Why we pray to God, not Mary or the saints

I believe that prayer is essential to life. It’s not only crucial to your physical and spiritual health but also for your eternity. That’s why who you pray to makes all the difference in the world.

The Catholic church teaches people to ask Mary and the saints to pray for them, and millions of people end up asking priests for direct help, mercy and salvation. This approach has zero biblical backing.

In the words of the famous Catholic prayer Memorare, people pray directly to Mary by praying; “Remember, most loving Virgin Mary, never was it heard that anyone who turned to you for help was left unaided… I run to your protection for you are my mother.”

We see it again in the Catholic prayer “Hail, Holy Queen” when it says, “Hail, holy Queen, Mother of mercy, hail, our life, our sweetness and our hope. To you we cry, the children of Eve; to you we send up our sighs, mourning and weeping in this land of exile. Turn, then, most gracious advocate, your eyes of mercy toward us; lead us home at last,” from ”A Book of Prayers,” published in 1982 by International Committee on English in the Liturgy Inc.

Although these prayers are said by millions of well-intentioned people looking for divine intervention, we must ask: Are these prayers beneficial and biblically correct?

Even if you’re reading this column as a Catholic, wouldn’t you want to know if your prayers are godly and biblical? I think I would.

Here are three reasons we pray to God, not Mary or the saints.

Jesus is the only way to God.

Trying to get favor or access to God through anyone but Jesus has no biblical basis. Jesus made it perfectly clear that there is only one way to the Father when he said, “I am the way and the truth and the life. No one comes to the Father except through me,” in John 14:6. He is the only way to access the father.

Jesus is the only mediator between God and us.

1 Timothy 2:5-6 teaches “There is one God and one mediator between God and mankind, the man Christ Jesus, who gave himself as a ransom for all people.”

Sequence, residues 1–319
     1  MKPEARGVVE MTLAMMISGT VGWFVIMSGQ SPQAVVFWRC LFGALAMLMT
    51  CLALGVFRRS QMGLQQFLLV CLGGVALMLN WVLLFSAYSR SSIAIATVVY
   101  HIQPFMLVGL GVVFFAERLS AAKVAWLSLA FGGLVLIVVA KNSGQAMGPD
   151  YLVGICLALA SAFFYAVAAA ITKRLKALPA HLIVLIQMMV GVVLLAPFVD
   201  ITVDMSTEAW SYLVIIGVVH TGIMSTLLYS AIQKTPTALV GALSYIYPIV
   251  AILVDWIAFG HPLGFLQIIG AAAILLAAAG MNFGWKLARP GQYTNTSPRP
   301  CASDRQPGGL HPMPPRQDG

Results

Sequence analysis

It means that Jesus is the only representation we have before God. He’s the only one who can grant us forgiveness and peace with the father and reconcile us to him through his finished work on the cross.

The Bible said, “All this is from God, who reconciled us to himself through Christ and gave us the ministry of reconciliation: that God was reconciling the world to himself in Christ, not counting people’s sins against them. And he has committed to us the message of reconciliation,” in 2 Corinthians 5:18-19.

Jesus is alive.

Throughout scripture, God strictly forbids praying to the dead. See Leviticus 20:27 and Deuteronomy 18:10–13 for examples. All of the priests, saints and Mary are dead. But Jesus is alive and well.

As Hebrews 7:23-25 so brilliantly points out when it says, “Now there have been many of those priests, since death prevented them from continuing in office; but because Jesus lives forever, he has a permanent priesthood. Therefore he is able to save completely those who come to God through him, because he always lives to intercede for them.”

Did you catch that? No one else could remain in office because they died. But since Jesus is alive, he alone can save, and we can approach him boldly in our prayers.

“Therefore, since we have a great high priest who has ascended into heaven, Jesus the Son of God, let us hold firmly to the faith we profess. For we do not have a high priest who is unable to empathize with our weaknesses, but we have one who has been tempted in every way, just as we are – yet he did not sin. Let us then approach God’s throne of grace with confidence, so that we may receive mercy and find grace to help us in our time of need,” in Hebrews 4:14-16.

Zachary Elliott is the lead pastor of Fusion Christian Church in Temecula. For more information, visit https://www.fusionchristianchurch.com, http://www.encouragementtoday.tv or find them on Instagram.

Zachary Elliott